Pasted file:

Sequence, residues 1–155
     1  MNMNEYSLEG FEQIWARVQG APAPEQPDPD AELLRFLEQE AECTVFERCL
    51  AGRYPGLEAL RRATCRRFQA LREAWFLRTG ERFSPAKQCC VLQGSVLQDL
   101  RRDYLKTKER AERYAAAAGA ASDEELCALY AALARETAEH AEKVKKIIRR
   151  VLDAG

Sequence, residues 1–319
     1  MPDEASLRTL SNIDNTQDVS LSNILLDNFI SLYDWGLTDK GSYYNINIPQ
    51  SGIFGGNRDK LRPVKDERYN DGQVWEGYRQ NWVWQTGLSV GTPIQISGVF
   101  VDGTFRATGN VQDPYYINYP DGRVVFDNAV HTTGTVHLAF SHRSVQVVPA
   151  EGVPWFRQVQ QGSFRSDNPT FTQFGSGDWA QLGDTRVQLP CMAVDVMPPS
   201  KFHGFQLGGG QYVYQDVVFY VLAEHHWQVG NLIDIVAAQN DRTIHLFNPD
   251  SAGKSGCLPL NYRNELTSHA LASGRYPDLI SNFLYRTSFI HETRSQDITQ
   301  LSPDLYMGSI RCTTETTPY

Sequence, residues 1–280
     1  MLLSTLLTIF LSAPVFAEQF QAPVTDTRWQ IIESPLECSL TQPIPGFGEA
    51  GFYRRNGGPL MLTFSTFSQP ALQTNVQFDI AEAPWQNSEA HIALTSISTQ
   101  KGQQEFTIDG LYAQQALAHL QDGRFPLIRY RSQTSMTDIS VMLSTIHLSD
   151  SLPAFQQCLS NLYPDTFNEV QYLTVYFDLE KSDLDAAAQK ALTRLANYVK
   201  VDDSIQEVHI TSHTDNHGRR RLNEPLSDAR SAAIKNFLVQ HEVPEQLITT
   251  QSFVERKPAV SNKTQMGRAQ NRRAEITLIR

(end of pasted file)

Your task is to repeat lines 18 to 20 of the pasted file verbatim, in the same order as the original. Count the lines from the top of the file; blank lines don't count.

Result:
   151  SLPAFQQCLS NLYPDTFNEV QYLTVYFDLE KSDLDAAAQK ALTRLANYVK
   201  VDDSIQEVHI TSHTDNHGRR RLNEPLSDAR SAAIKNFLVQ HEVPEQLITT
   251  QSFVERKPAV SNKTQMGRAQ NRRAEITLIR